The Foundation for Iranian Studies has adopted the oral history methodology developed and used by the Oral History Research Office of Columbia University. Initially, in the summer of l982, ten interviewers and two transcribers, which included Iranian scholars and professionals then residing in New York, San Francisco, Boston, Washington, D.C., and Paris, received an intensive course at the Foundation’s headquarters in Washington, D.C. under the direction of Dr. Elizabeth Mason of Columbia University Oral History Program. Since then other interviewers have been trained and the program has been annually reviewed and evaluated for its relevance, adequacy and efficacy.
Interviewers have been selected from a pool of highly educated Iranian men and women in the United States and Europe. Of the ten interviewers selected for the first phase of the program, eight had Ph.D.s in the social sciences, including political science, history, literature, economics and communication. This high standard has been maintained throughout the program. Interviewers have been generally selected on the basis of their expertise in the field of interview. To ensure cost efficiency, they have been selected from areas close to the subjects’ places of residence. While not always feasible, this rule has been substantially followed due to the clustering of Iranians in certain cities: London, Paris and Nice in Europe; Los Angeles, San Francisco, Houston, Dallas, New York, and Washington, D.C. in the United States.
All interviewers are trained in the method of oral history, its basic concepts, use of technical tools, conduct of interviews, and legal and ethical aspects of their task. The training follows the pattern established by the Columbia program with proper adjustments to fit the purposes of the Foundation’s program.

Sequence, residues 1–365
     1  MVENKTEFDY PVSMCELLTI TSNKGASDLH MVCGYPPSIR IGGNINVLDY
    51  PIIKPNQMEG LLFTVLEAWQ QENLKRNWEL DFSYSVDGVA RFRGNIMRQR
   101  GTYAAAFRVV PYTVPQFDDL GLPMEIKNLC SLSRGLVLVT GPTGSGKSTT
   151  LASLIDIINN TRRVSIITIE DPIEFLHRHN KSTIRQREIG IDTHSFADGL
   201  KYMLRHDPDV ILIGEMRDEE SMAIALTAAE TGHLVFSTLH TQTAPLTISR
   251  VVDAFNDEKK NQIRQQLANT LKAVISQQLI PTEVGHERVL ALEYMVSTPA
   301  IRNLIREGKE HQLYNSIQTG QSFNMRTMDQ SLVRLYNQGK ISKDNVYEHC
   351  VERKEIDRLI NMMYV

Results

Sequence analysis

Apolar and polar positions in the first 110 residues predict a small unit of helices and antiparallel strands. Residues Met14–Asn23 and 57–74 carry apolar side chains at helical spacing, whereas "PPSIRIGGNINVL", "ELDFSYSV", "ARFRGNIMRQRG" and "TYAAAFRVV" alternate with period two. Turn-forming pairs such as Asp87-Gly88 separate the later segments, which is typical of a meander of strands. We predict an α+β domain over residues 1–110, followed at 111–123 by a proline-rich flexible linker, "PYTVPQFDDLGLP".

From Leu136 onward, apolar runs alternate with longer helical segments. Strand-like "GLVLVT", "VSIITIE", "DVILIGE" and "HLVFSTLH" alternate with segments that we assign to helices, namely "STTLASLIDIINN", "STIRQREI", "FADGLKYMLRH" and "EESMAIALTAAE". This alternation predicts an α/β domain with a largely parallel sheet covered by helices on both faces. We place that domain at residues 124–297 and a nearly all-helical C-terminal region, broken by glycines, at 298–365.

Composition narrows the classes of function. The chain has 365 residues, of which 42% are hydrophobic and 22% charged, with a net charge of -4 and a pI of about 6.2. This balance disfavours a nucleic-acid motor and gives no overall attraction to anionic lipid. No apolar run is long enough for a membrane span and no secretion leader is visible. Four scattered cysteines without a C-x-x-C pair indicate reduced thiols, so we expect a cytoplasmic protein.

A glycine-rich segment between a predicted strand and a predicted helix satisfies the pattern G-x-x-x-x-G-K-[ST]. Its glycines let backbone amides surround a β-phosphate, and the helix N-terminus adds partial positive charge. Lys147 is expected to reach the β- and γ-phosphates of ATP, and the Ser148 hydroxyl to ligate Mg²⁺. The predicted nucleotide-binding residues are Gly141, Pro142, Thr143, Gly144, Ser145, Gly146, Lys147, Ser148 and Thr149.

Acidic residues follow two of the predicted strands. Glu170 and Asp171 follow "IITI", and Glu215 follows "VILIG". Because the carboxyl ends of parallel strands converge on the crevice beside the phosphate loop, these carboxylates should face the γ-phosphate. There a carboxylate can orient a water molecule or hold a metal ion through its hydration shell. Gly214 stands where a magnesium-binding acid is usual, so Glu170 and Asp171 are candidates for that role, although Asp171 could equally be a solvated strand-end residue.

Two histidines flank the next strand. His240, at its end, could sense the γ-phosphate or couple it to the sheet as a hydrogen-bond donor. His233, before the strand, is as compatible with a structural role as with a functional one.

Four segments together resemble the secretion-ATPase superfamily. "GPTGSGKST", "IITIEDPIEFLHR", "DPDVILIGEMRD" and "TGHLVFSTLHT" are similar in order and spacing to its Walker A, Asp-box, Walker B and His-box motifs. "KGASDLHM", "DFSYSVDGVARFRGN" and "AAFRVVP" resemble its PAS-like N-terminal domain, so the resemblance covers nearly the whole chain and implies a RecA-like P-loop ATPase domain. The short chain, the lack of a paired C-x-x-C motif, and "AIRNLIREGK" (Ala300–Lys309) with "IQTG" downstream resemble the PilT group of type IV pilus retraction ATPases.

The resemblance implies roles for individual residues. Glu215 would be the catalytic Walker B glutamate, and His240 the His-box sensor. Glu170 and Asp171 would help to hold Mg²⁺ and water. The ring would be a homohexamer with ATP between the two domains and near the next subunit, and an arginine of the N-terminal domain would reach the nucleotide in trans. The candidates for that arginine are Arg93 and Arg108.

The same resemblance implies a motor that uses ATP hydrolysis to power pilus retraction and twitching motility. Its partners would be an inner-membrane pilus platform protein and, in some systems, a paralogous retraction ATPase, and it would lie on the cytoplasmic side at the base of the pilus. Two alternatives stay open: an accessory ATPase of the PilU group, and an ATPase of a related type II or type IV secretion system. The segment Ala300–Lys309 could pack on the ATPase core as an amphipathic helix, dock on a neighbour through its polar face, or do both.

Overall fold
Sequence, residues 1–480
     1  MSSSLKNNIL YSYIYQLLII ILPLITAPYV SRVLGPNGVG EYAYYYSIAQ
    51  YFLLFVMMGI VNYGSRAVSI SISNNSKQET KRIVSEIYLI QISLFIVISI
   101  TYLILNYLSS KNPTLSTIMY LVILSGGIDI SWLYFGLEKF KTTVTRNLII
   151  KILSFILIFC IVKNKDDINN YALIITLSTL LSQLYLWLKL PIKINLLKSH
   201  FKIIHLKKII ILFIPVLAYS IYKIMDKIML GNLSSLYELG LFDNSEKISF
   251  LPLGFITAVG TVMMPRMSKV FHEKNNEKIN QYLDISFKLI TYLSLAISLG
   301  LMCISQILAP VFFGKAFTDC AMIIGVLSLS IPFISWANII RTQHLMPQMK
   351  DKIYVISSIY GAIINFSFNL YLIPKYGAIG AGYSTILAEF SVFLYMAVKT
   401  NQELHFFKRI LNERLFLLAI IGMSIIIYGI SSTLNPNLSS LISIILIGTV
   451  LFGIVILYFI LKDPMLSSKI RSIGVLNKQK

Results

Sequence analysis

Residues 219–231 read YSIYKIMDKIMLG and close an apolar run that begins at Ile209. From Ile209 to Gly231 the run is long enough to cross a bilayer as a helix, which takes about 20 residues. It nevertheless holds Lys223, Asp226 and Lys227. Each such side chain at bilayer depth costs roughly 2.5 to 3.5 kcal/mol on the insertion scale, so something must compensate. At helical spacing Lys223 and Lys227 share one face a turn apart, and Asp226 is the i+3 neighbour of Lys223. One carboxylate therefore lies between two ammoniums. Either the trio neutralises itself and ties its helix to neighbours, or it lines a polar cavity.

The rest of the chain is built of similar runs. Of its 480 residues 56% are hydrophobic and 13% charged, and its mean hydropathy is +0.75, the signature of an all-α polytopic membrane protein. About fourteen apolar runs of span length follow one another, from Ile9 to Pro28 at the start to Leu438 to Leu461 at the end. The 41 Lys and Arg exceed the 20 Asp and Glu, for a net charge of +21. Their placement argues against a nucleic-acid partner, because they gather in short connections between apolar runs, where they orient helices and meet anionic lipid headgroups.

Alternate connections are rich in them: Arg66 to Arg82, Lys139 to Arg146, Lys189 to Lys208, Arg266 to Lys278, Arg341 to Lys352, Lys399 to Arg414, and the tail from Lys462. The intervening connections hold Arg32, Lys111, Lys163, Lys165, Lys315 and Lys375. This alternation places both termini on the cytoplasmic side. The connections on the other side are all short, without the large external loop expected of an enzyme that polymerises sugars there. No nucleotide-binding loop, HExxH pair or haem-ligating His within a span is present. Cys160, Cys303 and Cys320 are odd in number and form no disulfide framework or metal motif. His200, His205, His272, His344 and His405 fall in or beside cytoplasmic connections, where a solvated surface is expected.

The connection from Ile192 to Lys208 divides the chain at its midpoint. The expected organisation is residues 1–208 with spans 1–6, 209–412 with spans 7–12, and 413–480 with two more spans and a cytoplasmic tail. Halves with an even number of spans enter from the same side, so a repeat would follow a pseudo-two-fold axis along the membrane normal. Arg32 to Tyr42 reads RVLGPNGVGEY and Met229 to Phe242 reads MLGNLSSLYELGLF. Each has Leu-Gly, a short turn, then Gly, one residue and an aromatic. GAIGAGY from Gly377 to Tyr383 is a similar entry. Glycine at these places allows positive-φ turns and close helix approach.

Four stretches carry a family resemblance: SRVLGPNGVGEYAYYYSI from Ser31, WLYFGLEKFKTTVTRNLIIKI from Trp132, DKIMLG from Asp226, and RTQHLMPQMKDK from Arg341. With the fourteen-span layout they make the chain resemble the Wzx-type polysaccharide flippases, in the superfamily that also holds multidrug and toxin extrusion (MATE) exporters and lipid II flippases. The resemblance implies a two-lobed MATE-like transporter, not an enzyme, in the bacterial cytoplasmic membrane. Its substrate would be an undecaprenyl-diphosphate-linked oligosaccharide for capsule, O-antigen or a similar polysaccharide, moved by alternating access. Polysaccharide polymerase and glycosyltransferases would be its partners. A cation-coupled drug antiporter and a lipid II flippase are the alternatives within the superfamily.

3. Preparatory Research
In addition to the general field of interview in which they have substantial knowledge, interviewers are asked to familiarize themselves thoroughly with the personal and professional background of the subject. Often the interviewer’s task is made easier by the characteristic of the community of Iranians in exile, which often includes prior professional and/or social acquaintance between the interviewer and the subject.
4. Identifying and Contacting the Interviewees
Subjects of the interviews are selected from a master list prepared by an advisory group through a mutual decision of the project director at the Foundation and the interviewer who often acts also as field consultant. Either one may initiate names, specify qualifications, and advise on information to be secured. Past experience suggests that in many cases securing acquiescence to interview requires the project director’s intervention. Scheduling the interview, however, is primarily the responsibility of the interviewer in the field.
5. Conduct of the Interview
The technique of interview calls for two qualitatively different stages. The first stage involves the necessary preparations for the interview. Accordingly, based on previous research, the interviewer reviews the general topic of the interview with the subject, constructs a general framework with the her or his cooperation, advises on the ethical and legal aspects of the interview, and secures signed agreement forms defining access to the interview. Prior to the interview the interviewer attempts to establish a rapport with the subject in order to create a comfortable environment for the interview sessions. The second stage involves the actual interview. The jointly prepared outline assures that certain important questions are formally asked and answered. But the real success of the interview depends on the interviewer’s skill in inducing a positive environment which helps the subject to properly remember and give shape to his or her recollections as unobtrusively as possible. When Iranians are interviewed, the language of the interview is usually Persian; when non-Iranians are interviewed, the language is usually English.
6. The Finished Tapes